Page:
New York-based designers from SHoP Architects made heads turn this year with their thought-provoking work at the Milan Design Week’s ‘Material Immaterial’.
SHoP are also currently overseeing the design for 447 Collins in Melbourne in conjunction with Woods Bagot.
SHoP submitted their work, ‘Wave/Cave’, which was a large sculptural terracotta enclosure that “invites visitors to pause and reflect, one at a time, on the hectic speed of our world”.
The Material Immaterial event celebrated the 20th edition of Interni magazine, an international publication of interiors and contemporary design, by showcasing micro-architectures, macro-objects and experimental installations created by internationally acclaimed designers, with the aim of breaking down the conventional confines of architecture and design and re-opening them to a multidisciplinary approach of contaminations.
Interni Material Immaterial explored design applications not only on the scale of objects and spaces, but also in terms of processes and systems, including timely areas ranging from the digital world to communication, all the way to productive systems, with a strong focus on sustainability and new technologies.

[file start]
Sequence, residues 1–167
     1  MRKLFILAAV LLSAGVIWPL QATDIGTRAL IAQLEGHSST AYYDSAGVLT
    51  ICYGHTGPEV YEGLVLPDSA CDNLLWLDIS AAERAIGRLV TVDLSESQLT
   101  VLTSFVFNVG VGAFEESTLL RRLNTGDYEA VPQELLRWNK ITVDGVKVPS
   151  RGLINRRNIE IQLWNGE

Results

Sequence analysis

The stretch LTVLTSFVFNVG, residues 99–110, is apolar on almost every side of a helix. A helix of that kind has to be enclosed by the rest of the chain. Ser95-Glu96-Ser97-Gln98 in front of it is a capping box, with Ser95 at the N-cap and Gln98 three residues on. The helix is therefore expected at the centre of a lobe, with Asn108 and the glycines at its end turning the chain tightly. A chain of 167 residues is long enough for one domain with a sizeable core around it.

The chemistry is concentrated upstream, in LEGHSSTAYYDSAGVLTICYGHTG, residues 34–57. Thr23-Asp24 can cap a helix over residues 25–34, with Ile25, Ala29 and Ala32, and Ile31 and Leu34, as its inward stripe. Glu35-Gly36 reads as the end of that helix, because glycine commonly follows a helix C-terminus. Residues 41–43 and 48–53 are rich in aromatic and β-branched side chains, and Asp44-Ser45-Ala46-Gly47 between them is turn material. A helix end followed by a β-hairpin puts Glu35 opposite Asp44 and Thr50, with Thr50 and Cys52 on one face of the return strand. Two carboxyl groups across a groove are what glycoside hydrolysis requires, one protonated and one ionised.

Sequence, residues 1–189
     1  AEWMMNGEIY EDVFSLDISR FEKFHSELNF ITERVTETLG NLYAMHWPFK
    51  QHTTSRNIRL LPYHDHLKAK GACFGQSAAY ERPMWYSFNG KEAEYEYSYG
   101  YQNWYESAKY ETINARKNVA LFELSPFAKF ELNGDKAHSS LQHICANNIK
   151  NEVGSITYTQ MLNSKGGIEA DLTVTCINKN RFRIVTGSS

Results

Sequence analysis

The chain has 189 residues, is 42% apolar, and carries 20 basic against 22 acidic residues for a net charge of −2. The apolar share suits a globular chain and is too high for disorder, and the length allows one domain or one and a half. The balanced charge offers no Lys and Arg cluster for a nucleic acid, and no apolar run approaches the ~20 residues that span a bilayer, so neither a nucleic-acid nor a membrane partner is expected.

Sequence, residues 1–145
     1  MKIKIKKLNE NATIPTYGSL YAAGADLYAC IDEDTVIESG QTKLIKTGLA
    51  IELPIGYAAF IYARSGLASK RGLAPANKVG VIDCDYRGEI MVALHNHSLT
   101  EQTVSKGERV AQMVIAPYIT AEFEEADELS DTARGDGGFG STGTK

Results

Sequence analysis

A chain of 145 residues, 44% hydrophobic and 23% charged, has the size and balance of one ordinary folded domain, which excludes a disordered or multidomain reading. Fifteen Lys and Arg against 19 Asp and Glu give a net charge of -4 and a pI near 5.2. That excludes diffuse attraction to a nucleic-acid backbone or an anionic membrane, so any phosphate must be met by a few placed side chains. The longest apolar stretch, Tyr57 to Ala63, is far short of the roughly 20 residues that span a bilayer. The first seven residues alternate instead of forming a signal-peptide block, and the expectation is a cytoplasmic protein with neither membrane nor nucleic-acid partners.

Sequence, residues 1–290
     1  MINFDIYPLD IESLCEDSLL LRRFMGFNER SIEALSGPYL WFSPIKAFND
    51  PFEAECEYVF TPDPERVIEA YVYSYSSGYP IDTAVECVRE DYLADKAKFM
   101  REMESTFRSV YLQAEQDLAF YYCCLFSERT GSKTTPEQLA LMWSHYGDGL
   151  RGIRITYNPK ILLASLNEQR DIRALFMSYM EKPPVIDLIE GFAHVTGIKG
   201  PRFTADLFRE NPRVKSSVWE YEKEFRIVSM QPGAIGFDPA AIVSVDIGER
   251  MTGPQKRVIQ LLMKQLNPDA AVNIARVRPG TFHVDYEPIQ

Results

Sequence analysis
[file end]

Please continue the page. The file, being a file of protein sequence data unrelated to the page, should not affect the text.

SHoP said the experience of Wave/Cave was conceived as a deliberate counterpoint to the internal agitation and disrupted attention spans encouraged by contemporary media and technology.
“It is a study of the unease we all experience—a slow, quiet commentary on solidity, deep time, and the contemporary pace of change,” the firm said.
“A custom-developed system of unglazed, fluted terra-cotta blocks are arranged in a soaring assembly (7.2 x 10 x 3.6 meters) that is open to the action of life around it but accessible only to the imagination and the gaze.
“The 1,670 terracotta blocks are stacked in three tiers, with interior faces carved to reveal a surprising ornamental richness as they describe a smoothly curved surface within the high perimeter wall.
“Conceived in collaboration with leading German firm NBK Keramik, the blocks are finished using a customised process that generated 797 individual profiles from the single extrusion used.
“At night, this intricate pattern is on full display when illuminated from within and around the perimeter of the installation.”
Engineered by Arup, the structural solution was conceived, produced, and installed by Metalsigma Tunesi.
Images courtesy SHoP Architecture.